Leveraging Technology

The Asian Organisation of Supreme Audit Institutions (ASOSAI) is one of the regional working groups that are part of the International Organisation of Supreme Audit Institutions.

In this last week the 6th ASOSAI Symposium was held in Kuala Lumpur and the Australian Auditor General, Ian McPhee, presented a very interesting paper on “Leveraging Technology to Enhance Audit Quality and Effectiveness”.

The speech should be read by all Heads of Audit (and Auditors General!) who seek to unceasingly improve the quality and effectiveness of their deliverables.

McPhee noted as context:

When looking back over the last decade or two of audit, we can see the general direction for information gathering, processing, and analysis has taken a quantum leap, largely benefitting from advances in information and communication technology (ICT). The audit objectives however do not change with the introduction of computers.

The ever increasing challenges to maintain high levels of audit quality and cost effective operations require us to adopt a strategy that is agile and robust in supporting and optimising audit execution in a seamless fashion.

In terms of audit process automation:

In preparing audit evidence, electronic format is preferable over print copies because it is cheaper to move, process and store, and is easier to share, review and check.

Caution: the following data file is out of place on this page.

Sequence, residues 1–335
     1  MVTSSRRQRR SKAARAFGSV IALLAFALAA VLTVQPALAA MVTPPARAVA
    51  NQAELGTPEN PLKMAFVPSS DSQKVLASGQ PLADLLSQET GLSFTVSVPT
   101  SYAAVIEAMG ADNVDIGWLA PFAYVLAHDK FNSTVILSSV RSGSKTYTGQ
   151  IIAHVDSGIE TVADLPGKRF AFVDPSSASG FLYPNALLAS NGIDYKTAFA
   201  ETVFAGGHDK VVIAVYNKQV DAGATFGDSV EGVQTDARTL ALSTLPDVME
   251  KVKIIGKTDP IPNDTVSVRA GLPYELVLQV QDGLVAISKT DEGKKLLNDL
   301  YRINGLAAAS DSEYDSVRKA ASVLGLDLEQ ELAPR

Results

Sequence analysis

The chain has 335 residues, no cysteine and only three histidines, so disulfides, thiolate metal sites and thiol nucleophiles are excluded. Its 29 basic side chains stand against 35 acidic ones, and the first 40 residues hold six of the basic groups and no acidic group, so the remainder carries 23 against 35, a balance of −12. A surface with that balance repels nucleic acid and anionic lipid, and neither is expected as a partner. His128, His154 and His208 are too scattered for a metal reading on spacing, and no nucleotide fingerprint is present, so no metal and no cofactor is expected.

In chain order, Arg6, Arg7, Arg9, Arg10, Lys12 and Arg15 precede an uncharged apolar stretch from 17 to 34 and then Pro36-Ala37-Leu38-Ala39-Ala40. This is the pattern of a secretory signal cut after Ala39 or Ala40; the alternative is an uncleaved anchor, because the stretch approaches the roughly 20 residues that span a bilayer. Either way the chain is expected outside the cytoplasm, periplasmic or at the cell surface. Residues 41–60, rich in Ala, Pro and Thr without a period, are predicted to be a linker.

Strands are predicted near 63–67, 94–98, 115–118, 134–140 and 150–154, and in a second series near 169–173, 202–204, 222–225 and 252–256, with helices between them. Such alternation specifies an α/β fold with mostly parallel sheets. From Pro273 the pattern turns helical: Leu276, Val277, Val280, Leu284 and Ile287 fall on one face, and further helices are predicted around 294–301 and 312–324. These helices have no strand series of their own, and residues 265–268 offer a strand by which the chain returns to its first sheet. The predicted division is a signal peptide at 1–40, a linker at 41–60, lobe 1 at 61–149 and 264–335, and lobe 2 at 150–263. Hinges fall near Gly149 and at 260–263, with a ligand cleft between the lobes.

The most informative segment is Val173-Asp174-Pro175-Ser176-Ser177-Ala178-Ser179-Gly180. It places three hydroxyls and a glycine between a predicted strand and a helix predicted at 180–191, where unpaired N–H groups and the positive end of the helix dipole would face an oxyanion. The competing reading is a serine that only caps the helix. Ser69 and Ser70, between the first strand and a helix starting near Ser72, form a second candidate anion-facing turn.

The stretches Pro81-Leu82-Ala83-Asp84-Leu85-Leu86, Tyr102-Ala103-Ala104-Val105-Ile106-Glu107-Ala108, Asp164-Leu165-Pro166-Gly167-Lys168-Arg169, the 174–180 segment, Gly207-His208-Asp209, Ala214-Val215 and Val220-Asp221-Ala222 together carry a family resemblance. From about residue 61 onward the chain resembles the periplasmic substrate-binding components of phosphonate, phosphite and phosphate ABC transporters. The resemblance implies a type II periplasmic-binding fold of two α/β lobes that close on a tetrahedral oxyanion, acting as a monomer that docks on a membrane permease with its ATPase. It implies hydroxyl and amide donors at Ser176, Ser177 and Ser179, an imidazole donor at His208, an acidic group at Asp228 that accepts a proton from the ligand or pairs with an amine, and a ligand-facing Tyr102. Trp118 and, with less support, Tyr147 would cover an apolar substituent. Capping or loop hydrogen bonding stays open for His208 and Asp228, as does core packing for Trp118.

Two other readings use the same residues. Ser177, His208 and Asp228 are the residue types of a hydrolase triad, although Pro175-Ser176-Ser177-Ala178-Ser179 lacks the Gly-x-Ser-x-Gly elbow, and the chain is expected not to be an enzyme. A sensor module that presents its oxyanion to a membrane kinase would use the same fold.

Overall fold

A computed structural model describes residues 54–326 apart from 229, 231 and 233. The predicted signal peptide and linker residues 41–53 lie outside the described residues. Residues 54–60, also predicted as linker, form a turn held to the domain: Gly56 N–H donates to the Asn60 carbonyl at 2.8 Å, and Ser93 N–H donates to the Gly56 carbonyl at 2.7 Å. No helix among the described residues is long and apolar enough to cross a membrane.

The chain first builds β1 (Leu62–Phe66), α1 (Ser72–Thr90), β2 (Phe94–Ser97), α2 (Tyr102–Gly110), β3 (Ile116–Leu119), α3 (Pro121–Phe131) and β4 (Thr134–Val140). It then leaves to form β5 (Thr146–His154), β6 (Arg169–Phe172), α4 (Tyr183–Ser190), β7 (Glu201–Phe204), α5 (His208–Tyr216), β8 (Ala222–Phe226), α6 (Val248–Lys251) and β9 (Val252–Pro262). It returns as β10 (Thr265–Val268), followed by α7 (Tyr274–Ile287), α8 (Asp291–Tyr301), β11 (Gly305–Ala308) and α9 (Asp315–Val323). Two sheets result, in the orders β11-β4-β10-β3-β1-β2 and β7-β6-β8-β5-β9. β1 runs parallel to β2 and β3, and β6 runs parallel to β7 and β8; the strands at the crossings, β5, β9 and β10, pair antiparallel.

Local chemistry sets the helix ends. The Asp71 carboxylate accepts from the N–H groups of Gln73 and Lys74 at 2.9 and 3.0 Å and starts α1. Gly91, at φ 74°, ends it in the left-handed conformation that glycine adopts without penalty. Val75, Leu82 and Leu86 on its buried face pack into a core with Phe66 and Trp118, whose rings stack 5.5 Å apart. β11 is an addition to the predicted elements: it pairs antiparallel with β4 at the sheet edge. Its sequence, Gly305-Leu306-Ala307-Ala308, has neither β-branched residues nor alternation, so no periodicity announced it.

As to how the Australian National Audit Office interfaces with its end consumer – the taxpayer:

Our main electronic channel for external facing information dissemination is the ANAO website. In responding to the steady shift from requests for paper print audit reports to self‐serve access of the electronic version, and also the increasing citizen contributions to our performance audits, we are currently implementing a project to transform our internet website (www.anao.gov.au) to a more interactive and user friendly design. We are also using twitter to publicise the release of our reports and we have increased our twitter follower population base from 300 to 1400 in the last 18 months.

McPhee’s commentary on data analytics is timely:

Data analytics has a wide range of involvement in our audits. In some audits, data analysis is used as a method to supplement our traditional analysis, whilst in other audits it is critical to providing evidence to support the overall audit outcomes.

Effective use of data analytics results in a more focused audit that can pinpoint the specific areas of risk, foster dynamic audit planning and execution that provides a better balance of controls analysis and transactional analytics based on the underlying risks.

And he touches on an issue that will transform what the current audit report looks:

A by‐product from data analytics is audit report presentation. It can assist us to communicate messages to audiences in a more intuitive way – through effective visualisation of our audit findings – graphs and charts. We can now link our analysis results to publicly available information, for example geospatial databases, to provide audit audiences a graphic image of our audit findings in relation to demography or locations of government services.

His final observation is to not be overawed by the technology:

As we focus on the transformative new information technology solutions and its tremendous, high‐ speed changes, we also understand its impact on the human element—because all data, tools and strategic plans are only as good as the people who use and implement these tools.


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